Editorial: News from the BirdLife Partnership, April 2007
Welcome to this month’s BirdLife Editorial; an opportunity for us to summarise events and stories coming from BirdLife International - the world’s largest alliance of conservation organisations.
April’s news from www.birdlife.org was again full of variety: calls to action to save precious habitats (Airfield would displace Pocosin’s globally important waterfowl congregations, 27 April), incredible feats of bird migration and the significance of flyways conservation (Long-distance Godwit sets new record, 5 April), new agreements that impact how bird conservation works across continents (BirdLife and SPREP unite to save Pacific's threatened birds, 4 April)…
What often goes unseen with many of these stories is the enormous efforts of conservationists and the BirdLife Partners they represent. For most, each story is the result of years of research, meetings, planning, project proposals, meetings, sleepless nights, surveys and more meetings - often impossible for us to convey in just 300-400 words.
If stories were ranked on the basis of all of this planning and effort, then surely few stories would feature higher than this month’s news of Sumatra’s “forest ecosystem restoration concession” for the conservation and regeneration of a 101,000 hectares of forest in the lowlands of Sumatra (Indonesia’s first “Restoration Forest” gives hope to last rainforests in Sumatra, 2 April) – an incredible story, the result of five years of development and pushing by Burung Indonesia, the RSPB (Royal Society for the Protection of Birds, UK) and BirdLife International (both Secretariat and Partners). A story of true encouragement in the conservation of Sumatra’s lowland forests and rightly described as “a new hope for conservation” in the region.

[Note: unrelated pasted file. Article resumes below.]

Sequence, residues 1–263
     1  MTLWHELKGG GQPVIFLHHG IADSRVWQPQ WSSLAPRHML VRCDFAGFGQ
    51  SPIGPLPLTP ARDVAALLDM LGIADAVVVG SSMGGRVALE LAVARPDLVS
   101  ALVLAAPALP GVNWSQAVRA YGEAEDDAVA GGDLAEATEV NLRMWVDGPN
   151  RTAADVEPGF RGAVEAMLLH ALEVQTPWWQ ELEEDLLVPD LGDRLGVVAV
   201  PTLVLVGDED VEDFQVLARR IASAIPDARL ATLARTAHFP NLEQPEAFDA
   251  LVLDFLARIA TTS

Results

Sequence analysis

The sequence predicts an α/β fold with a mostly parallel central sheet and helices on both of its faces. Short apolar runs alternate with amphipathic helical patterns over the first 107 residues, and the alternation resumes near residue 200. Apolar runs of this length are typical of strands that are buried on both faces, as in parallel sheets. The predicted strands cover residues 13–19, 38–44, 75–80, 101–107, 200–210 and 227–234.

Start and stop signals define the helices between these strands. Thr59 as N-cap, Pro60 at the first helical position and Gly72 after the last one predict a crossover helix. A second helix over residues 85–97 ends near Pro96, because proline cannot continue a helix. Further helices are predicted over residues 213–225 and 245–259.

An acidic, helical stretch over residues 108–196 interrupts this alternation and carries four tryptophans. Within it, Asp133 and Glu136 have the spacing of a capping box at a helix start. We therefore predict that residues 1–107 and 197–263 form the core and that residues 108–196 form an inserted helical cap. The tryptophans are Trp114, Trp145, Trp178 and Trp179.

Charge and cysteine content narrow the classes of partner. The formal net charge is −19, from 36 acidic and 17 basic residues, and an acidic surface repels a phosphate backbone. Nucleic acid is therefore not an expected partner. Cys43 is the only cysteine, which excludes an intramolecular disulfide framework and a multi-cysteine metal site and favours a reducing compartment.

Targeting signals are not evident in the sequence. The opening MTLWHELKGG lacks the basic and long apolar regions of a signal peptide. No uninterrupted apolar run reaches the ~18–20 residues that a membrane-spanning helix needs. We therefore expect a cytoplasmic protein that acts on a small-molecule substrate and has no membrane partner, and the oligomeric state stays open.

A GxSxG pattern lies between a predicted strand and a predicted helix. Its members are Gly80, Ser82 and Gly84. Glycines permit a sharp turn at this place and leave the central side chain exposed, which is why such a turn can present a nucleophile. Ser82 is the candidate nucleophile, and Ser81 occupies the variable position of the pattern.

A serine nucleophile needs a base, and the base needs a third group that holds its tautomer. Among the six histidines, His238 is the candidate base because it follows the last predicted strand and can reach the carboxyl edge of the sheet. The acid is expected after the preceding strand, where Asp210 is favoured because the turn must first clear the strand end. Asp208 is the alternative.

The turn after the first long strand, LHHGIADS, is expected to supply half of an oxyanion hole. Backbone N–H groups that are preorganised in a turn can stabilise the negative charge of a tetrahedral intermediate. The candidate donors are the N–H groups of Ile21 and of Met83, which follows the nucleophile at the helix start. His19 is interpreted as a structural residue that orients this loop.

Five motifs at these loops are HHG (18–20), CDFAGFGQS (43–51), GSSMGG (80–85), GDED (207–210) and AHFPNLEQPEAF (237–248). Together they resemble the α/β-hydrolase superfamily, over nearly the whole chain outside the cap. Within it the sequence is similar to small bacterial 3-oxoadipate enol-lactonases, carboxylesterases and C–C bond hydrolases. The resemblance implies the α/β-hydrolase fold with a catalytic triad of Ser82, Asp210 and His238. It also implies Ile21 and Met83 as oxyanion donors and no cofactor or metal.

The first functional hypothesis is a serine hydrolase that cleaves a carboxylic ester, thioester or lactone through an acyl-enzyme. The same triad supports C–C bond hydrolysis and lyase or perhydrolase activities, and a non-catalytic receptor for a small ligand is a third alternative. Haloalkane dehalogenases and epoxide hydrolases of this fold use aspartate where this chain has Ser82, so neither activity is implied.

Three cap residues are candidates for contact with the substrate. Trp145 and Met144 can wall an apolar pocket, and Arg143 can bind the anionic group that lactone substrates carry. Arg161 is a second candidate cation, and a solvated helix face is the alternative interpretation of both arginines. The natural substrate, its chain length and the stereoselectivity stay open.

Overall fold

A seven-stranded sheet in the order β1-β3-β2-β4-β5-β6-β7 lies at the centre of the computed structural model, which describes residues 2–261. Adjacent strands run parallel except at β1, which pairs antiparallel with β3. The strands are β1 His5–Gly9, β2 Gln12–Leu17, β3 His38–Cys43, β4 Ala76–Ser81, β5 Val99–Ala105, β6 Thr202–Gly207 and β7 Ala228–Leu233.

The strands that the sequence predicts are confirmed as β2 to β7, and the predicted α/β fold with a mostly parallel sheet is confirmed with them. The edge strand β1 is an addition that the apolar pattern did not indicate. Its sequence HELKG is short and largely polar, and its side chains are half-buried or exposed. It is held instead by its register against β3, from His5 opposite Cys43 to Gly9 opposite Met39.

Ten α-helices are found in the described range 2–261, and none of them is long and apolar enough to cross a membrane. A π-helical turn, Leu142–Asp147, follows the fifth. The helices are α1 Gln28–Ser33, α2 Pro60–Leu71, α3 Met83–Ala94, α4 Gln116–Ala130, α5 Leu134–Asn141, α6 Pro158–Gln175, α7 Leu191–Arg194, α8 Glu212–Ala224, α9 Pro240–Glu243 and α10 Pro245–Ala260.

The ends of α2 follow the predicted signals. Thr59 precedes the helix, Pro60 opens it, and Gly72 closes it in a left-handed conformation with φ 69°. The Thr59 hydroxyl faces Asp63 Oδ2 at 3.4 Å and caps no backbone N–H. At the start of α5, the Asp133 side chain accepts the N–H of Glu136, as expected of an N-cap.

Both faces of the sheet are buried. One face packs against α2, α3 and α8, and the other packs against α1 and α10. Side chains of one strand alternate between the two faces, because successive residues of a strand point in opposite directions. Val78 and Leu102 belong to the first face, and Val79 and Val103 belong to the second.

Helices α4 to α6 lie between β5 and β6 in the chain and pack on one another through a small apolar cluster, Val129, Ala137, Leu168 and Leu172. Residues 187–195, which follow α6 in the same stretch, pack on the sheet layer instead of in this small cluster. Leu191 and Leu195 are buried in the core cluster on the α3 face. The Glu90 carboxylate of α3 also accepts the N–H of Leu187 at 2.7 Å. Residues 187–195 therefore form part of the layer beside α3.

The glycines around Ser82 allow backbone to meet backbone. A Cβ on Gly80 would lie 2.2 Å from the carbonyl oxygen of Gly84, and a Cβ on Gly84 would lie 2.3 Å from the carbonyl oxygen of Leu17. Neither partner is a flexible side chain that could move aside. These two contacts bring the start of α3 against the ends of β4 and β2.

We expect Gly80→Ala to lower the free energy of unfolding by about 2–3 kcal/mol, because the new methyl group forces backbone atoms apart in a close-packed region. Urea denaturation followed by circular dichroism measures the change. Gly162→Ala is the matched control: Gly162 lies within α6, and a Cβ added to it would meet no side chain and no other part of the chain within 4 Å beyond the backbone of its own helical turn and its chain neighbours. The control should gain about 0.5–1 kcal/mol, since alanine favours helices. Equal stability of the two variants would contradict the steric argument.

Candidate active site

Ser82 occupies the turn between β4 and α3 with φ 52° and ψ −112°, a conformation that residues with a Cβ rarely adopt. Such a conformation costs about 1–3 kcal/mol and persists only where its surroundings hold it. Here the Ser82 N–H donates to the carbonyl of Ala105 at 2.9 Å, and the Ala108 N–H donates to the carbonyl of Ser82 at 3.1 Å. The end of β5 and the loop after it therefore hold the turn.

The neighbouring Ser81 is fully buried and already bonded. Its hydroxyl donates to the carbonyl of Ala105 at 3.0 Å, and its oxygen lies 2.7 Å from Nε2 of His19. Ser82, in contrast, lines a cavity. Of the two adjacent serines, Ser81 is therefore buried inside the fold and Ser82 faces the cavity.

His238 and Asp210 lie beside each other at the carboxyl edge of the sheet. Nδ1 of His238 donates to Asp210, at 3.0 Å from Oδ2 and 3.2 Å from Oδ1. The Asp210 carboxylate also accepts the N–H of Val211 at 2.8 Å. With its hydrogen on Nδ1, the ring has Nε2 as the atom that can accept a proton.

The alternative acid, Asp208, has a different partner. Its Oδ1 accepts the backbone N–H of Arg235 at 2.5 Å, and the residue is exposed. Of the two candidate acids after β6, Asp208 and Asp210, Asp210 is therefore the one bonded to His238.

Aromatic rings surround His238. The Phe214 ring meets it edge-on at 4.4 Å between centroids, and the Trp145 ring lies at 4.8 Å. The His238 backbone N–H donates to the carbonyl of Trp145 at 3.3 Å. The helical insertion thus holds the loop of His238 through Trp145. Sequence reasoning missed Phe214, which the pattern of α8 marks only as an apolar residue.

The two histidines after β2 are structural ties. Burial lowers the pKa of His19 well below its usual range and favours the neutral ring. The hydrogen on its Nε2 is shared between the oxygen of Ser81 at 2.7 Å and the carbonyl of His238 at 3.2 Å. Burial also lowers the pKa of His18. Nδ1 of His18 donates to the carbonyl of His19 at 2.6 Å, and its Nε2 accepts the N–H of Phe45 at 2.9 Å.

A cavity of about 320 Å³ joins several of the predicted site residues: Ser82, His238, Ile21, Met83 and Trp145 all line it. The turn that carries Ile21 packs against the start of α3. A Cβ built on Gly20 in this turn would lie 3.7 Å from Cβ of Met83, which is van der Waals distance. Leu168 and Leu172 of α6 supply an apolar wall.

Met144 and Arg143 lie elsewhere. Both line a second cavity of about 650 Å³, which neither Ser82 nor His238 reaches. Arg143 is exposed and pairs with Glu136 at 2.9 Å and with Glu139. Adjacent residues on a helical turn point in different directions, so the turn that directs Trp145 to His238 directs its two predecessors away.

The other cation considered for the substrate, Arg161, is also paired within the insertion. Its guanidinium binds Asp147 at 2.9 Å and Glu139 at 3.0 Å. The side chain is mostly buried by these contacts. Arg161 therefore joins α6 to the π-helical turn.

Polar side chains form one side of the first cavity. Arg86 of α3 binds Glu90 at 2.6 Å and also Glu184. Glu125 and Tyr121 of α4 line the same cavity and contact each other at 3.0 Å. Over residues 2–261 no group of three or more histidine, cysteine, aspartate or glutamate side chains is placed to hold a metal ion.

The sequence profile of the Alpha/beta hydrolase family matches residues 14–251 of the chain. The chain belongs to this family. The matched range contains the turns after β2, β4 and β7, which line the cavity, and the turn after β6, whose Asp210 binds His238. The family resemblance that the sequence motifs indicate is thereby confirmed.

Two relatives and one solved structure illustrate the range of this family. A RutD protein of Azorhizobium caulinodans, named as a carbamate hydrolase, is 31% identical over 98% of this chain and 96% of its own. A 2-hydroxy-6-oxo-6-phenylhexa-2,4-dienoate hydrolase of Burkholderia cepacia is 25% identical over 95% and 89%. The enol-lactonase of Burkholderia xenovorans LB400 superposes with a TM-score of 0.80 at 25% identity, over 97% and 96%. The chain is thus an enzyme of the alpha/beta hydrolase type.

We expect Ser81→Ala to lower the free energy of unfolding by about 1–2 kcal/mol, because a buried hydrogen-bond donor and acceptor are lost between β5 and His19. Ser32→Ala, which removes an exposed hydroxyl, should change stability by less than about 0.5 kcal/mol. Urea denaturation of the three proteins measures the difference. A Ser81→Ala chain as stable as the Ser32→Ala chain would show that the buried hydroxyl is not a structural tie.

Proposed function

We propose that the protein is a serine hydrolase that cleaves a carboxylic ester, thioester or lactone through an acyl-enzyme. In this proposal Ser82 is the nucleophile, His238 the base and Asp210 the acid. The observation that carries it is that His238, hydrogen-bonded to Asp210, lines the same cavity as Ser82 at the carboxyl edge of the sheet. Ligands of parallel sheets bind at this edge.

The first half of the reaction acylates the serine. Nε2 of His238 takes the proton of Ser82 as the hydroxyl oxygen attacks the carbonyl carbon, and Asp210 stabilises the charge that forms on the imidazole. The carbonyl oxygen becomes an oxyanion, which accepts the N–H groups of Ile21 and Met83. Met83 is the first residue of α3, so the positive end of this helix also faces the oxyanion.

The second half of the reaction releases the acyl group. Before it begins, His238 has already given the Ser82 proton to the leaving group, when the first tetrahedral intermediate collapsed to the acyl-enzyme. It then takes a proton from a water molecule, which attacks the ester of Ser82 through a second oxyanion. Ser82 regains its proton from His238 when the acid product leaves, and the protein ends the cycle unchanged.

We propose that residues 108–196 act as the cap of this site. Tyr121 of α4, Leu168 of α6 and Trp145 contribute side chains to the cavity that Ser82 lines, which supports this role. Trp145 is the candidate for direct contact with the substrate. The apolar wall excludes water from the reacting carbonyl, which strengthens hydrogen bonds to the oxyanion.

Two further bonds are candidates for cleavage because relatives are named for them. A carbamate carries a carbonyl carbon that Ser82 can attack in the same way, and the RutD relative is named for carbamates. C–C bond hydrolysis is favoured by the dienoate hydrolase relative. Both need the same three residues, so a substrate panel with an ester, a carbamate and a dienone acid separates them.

"What often goes unseen with many of these stories is the enormous efforts of the conservationists or BirdLife Partners involved..." —.
If we were to factor in time, hours, years to all stories, other news from April would also feature highly:
Conservation studies and research take immense planning and a number of proposals (not to mention funders) – particularly for global issues, like climate change, where the stakes are high (Birds to become latest indicators of climate change, 20 April). Other long-term studies sometimes feature as news for the sheer awe they invoke (Surveys reveal raptor ‘super-roost’, 26 April): 45,000 insectivorous raptors in a single roost - a finding seven years in the making!
Another encouraging story we featured this month was the Annual Caribbean Endemic Bird Festival (Festival celebrates Caribbean’s unique birds, 22 April) – a further story with some history; the festival this year celebrated its sixth year.
Sadly, April also saw Malta’s spring hunting season for birds open once again. Since the story, significant numbers of Turtle Dove and Quail have been killed and trapped. BirdLife Partners in Europe responded to the opening of the season with deep concern (European outrage as Malta’s spring hunting season begins, 2 April). This is the fourth consecutive breach of the EU law since Malta joined the European Union in 2004 - a European Court case against Malta is expected to start later this year…
The result? Only time –and the committed efforts of conservationists working within the Birdlife Partnership - will tell…
More next month,
Jules Howard, News Editor.
P.S. Don’t forget: 12-13 May 2007 is World Migratory Bird Day – find out what you can do to help by visiting: WMBD 2007
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